Joffe had asked Einstein for a preprints of some of his papers and wrote: “The author of these articles—an unknown person at that time, was a bureaucrat at the Patent Office in Bern, Einstein-Marity (Marity the maiden name of his wife, which by Swiss custom is added to the husband’s family name).” (Marity is a Hungarian variant of Maric.)

The conspiracy theories date from this reference to Einstein as Einstein-Marity, says Weinstein. The result was an increasingly complex tangle of deliberate or accidental misunderstandings.

The problem seems to have begun with a popular Russian science writer called Daniil Semenvich Danin, who interpreted Joffe’s account to mean that Einstein and Maric collaborated on the work. This later transformed into the notion that Maric had originally been a coauthor on the 1905 paper but her name was removed from the the final published version.

This is a clear misinterpretation, suggests Weinstein.

Walker reignited this controversy in his Physics Todayarticle. He suggests that Einstein may have stolen his wife’s ideas.

There’s another interesting line for the conspiracy theorists. Historians have translated the letters between Einstein and Maric into English, allowing a detailed analysis of their relationship. However, one of these letters includes the phrase: “bringing our work on relative motion to a successful conclusion!” This seems to back up the idea that the pair must have collaborated.

However, Weinstein has analysed the letters in detail and says that two lines of evidence suggest that this was unlikely. First, Einstein’s letters are full of his ideas about physics while Maric’s contain none, suggesting that he was using her as a sounding board rather than a collaborator.

Second, Maric was not a talented physicist or mathematician. She failed her final examinations and was never granted a diploma.

Weinstein argues that Maric could therefore not have made a significant contribution and quotes another historian on the topic saying that while there is no evidence that Maric was gifted mathematically, there is some evidence that she was not.

There is one fly in the ointment. Maric and Einstein divorced in 1919, but as part of the divorce settlement, Einstein agreed to pay his ex-wife every krona of any future Nobel Prize he might be awarded.

Weinstein suggests that everybody knew Einstein was in line to win the prize and that in the postwar environment in Germany, this was a natural request from a wife who did not want a divorce and was suffering from depression.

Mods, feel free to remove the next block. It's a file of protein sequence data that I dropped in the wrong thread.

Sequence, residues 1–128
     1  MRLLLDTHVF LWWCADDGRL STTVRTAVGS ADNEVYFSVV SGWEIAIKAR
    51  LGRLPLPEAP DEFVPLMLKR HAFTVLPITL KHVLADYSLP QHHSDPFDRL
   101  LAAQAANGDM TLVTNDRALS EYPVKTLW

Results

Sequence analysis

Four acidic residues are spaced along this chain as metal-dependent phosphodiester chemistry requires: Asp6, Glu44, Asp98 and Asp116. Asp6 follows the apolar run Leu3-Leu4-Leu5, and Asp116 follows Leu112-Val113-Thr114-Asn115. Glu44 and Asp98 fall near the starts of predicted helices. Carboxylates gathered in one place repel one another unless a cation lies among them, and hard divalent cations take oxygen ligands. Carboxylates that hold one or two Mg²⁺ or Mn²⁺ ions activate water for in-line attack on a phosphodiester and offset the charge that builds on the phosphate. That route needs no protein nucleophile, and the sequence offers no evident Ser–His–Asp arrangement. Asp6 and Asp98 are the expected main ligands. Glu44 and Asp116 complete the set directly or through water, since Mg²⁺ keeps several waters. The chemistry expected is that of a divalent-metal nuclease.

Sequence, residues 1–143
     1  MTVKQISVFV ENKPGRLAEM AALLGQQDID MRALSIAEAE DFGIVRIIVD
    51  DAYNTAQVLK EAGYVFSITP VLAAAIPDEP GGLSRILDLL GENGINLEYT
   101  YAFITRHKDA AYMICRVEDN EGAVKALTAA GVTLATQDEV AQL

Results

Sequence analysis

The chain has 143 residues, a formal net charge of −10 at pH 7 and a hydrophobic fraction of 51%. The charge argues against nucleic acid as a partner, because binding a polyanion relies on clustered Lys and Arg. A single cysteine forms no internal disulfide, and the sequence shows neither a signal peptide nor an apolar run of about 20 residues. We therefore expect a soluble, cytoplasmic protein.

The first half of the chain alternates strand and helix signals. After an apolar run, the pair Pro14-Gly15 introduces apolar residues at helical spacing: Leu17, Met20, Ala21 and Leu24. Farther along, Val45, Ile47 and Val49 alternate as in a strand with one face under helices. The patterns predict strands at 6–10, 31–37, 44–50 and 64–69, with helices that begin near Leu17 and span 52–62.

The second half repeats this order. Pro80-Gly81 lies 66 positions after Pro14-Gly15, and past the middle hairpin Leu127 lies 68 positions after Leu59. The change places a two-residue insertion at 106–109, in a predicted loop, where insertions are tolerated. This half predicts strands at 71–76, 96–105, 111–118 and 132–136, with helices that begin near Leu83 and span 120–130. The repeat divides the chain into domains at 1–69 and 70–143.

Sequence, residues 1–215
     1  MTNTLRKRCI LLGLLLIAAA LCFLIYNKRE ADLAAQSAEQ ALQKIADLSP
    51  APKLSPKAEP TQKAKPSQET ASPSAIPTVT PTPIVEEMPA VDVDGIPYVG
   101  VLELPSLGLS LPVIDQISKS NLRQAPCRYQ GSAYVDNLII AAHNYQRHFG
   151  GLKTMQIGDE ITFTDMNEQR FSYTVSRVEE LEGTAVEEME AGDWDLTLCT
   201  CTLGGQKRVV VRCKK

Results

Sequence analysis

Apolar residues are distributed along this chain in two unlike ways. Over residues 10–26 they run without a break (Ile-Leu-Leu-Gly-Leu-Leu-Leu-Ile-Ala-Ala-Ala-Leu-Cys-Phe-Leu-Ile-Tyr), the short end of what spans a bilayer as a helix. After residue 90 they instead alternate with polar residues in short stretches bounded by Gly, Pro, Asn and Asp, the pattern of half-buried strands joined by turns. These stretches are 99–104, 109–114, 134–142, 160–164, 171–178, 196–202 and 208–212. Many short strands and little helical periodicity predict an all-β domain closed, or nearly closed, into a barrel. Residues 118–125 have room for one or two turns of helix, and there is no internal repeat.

Walker, on the other hand, says: “I find it difficult to resist the conclusion that Mileva, justly or unjustly, saw this as her reward for the part she had played in developing the theory of relativity.”

Without more evidence, it’s hard to know one way or the other. But there’s surely enough uncertainty about what actually happened to keep the flames of conspiracy burning for a little while longer.

Ref: arxiv.org/abs/1204.3551: Did Mileva Marić Assist Einstein In Writing His 1905 Path Breaking Papers?

The Passetto: Escape Route of Popes in Times Past

inside-the-Passetto

The Passetto di Borgo (also known simply as the Passetto, which may be translated as a small passage) is a corridor that connects the Vatican City, more specifically St. Peter’s Basilica, with the Castel Sant’ Angelo. This passageway is found on top of the old Vatican wall, and was used by the popes as a secret escape route in times of trouble. One of the most well-known incidents when the Passetto was used happened in 1527, when Rome was sacked, and the pope, Clement VII, was forced to flee from his residence to the safety of the Castel Sant’ Angelo via this secret passageway.

Old Wall

The walls on which the Passetto was built on is said to date back to the second half of the 6th century AD. In 576, the king of the Ostrogoths, Totila, had taken Rome, and decided to build a low wall by the tomb of Hadrian, linking it to the city walls built by Aurelian three centuries before. Additionally, the tomb was transformed into a fortress. This ancient wall, however, crumbled shortly after, and only a few stone blocks of this structure has survived till this day.

Totila razes the walls of Florence: illumination from the Chigi ms of Villani's Cronica.